Good idea, right? Wrong…

The Microphone on the swinging arm, regardless of how it looks, it on the front side of the arm. Mounting this backwards on my visor resulted in every people I spoke to saying “What? What?  I can’t hear you!” That’s not good. If they made the mic uni directional, the problem would be solved. The other issue I have is the actual Mic arm sticking down. In my car, when the arm is down, and in use, it’s uncomfortably close to my right eye, and I keep having this thought, that a car accident would result if having this thing removed from my eye ball. This would most likely not be the case, but I have to say, it’s a bit unnerving.

Overall, the build quality and sound quality when used correctly are outstanding. I would recommend this to anyone needing a hands free bluetooth speakerphone. For me though, I really wanted to mount this on the back of the visor (nearest the windshield) but the mic makes for inaudible speech to my friends. I supposed I could do some minor surgery like I did on the Blue Mikey, and switch the mic to the other side, but I’m not sure I’m willing to do that just yet.


Impractical Audio Recording on the iPhone

December 8, 2009

After so many failed attempts at controlling the level input of the audio recording function on the iPhone with a portable solution, I decided to try alternative means to even see if this was possible. I KNEW it was, but I need to prove it to myself, and I did. Through the most ridiculous and impractical way possible, I was able to achieve a decent level of live recording, in an extremely loud environment known to some, in a death metal band rehearsal room.

If you’re still reading this, you must be interested in this, so here’s what I used to achieve this…

Behringer Xenyx502 Mixer

Shure Beta 58 Microphone

Mic cable

1/8″ to RCA Audio / Video cable (used with camcorders for TV output)

MONO RCA to 1/8″ Adapter

1/8″ to 1/4″ Adapter

On the iPhone, there are two way to import and record Audio. The Dock connector has Audio input, and utilized by the Blue Mikey, which can record in Stereo with the right mic and software, and the headphone jack. This silly ass set up will use the headphone jack.

The 1/8″ plug on the Audio / Video cable has 3 rings. Left / Right / and the yellow is Video. On the iPhone, the Yellow (or video) plug turns into your mic input. This is used for your Apple stock earbuds with using the telephone feature of the iPhone. Yes, it IS actually a phone too!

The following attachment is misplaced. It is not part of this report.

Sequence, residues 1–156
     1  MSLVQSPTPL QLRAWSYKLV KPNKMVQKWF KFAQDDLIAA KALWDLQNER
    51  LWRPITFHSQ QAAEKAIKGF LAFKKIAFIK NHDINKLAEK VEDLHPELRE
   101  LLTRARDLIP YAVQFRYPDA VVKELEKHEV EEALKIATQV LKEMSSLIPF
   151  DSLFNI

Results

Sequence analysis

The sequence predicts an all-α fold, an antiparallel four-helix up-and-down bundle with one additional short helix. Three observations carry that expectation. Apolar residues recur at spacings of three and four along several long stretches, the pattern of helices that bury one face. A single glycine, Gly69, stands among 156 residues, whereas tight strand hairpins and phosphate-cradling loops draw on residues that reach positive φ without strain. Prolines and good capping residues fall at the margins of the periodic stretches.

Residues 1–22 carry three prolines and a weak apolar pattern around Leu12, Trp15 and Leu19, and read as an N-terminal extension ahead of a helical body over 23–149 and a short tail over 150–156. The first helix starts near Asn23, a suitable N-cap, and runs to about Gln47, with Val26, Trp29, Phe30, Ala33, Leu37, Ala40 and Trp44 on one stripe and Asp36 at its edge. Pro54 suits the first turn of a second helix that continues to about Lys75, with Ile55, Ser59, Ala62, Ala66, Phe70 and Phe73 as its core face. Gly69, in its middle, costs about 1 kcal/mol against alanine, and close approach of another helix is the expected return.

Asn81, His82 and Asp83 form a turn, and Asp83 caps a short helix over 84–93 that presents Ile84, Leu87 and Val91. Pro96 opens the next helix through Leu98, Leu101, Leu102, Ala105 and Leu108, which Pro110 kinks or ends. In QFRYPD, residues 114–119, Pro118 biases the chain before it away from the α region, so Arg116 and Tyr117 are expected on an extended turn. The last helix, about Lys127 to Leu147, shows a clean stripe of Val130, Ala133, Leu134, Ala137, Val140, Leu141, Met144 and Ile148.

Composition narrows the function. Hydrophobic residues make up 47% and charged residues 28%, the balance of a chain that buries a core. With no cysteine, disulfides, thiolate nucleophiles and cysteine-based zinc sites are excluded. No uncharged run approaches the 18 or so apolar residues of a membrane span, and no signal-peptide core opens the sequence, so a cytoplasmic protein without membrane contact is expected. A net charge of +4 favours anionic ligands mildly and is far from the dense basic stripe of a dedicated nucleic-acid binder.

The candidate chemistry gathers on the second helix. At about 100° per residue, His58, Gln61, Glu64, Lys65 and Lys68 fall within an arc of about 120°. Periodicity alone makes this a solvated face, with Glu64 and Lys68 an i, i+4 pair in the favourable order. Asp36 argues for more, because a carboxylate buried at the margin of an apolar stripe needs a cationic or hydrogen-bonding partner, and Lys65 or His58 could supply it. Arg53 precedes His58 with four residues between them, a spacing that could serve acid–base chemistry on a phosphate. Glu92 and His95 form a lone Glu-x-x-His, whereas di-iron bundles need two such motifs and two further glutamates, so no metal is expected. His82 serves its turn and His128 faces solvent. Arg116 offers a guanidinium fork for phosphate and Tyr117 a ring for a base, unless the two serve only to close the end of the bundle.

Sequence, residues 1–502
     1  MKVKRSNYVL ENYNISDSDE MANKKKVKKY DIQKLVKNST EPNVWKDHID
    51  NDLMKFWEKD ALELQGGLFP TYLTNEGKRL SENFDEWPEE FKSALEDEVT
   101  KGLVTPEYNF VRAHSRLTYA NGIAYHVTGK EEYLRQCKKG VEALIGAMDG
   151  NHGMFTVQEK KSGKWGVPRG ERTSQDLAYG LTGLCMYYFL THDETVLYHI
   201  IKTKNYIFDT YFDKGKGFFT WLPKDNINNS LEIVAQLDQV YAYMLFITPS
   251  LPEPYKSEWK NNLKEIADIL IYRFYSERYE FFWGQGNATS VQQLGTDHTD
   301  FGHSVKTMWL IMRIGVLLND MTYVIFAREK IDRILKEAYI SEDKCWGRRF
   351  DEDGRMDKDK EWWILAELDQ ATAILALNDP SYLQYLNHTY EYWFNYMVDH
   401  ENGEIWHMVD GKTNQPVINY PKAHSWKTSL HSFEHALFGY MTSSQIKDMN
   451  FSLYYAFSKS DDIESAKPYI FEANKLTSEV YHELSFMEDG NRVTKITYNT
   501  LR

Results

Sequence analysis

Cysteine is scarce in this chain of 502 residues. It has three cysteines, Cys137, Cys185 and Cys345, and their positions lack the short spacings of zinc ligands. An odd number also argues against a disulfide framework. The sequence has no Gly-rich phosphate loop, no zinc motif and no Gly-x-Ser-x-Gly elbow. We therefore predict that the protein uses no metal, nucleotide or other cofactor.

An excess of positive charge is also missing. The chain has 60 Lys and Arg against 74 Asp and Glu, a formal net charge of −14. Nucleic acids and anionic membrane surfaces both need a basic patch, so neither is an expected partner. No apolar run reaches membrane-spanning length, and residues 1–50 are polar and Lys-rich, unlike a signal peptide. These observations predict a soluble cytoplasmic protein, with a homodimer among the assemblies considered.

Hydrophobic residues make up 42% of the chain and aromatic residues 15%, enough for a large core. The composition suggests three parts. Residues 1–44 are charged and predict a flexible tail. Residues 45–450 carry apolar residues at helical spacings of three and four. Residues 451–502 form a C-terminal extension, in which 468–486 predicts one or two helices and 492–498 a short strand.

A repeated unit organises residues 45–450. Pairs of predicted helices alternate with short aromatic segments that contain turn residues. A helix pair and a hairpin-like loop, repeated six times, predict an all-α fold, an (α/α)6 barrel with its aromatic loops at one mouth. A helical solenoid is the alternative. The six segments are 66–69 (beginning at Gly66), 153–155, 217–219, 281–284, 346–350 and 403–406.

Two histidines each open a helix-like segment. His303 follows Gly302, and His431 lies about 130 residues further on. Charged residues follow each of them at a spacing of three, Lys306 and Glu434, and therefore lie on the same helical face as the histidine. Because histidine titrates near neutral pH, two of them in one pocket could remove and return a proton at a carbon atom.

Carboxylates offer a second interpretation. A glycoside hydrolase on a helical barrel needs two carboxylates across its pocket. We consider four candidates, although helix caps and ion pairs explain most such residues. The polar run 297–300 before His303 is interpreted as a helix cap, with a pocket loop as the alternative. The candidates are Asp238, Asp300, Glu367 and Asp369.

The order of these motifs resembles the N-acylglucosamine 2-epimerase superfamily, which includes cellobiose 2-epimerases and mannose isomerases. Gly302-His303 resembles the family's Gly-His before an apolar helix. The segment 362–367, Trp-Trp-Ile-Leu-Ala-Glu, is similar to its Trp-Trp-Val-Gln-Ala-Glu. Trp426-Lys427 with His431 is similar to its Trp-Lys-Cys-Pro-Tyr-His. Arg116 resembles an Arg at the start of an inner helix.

The Behringer Xenyx502 Mixer was purchased at Guitar Center about a year ago for about $50.00. It’s their low end, simple mixer. This mixer has 2 Main Out jacks, using 1/4″ plugs, so I needed to get the RCA to 1/4″. My local Radio Shack didn’t have this, so I needed to buy an RCA to 1/8″ Mono adapter. I already owned an Stereo 1/8″ to 1/4″ and that works fine, but if I were going to purchase this, I would have picked up a mono 1/8″ to 1/4″.

So, RCA to 1/8″ to 1/4″ to the Main Out Left port on the mixer. Simple right?

I use the Shure Beta 58 into the mixer, and the Audio / Video 1/8″ plug into the iPhone’s head phone port, and I’m then able to adjust the input level of the audio using the Main Mix dial.

Using the mixer also gave me control over the treble and bass of the input, and setting the Main Mix low, the audio input was acceptable!

The band was VERY loud, and the audio recorded as clear as could be in this situation. What made this method nice in the rehearsal room, was the Shure Beta 58 was on a microphone stand, and when panning the room with with video camera, the audio remained stationary, and consistent during the recording.

What have I learned… First, I’m an idiot with way too time on my hands. I also like to overt think and expect too much from my tech. Saying that, this is entirely possible. In a controlled environment, you can shoot nice video and decent audio of a loud band, or other extremely loud noise. This however does not work well for portability, and that’s what I really want here.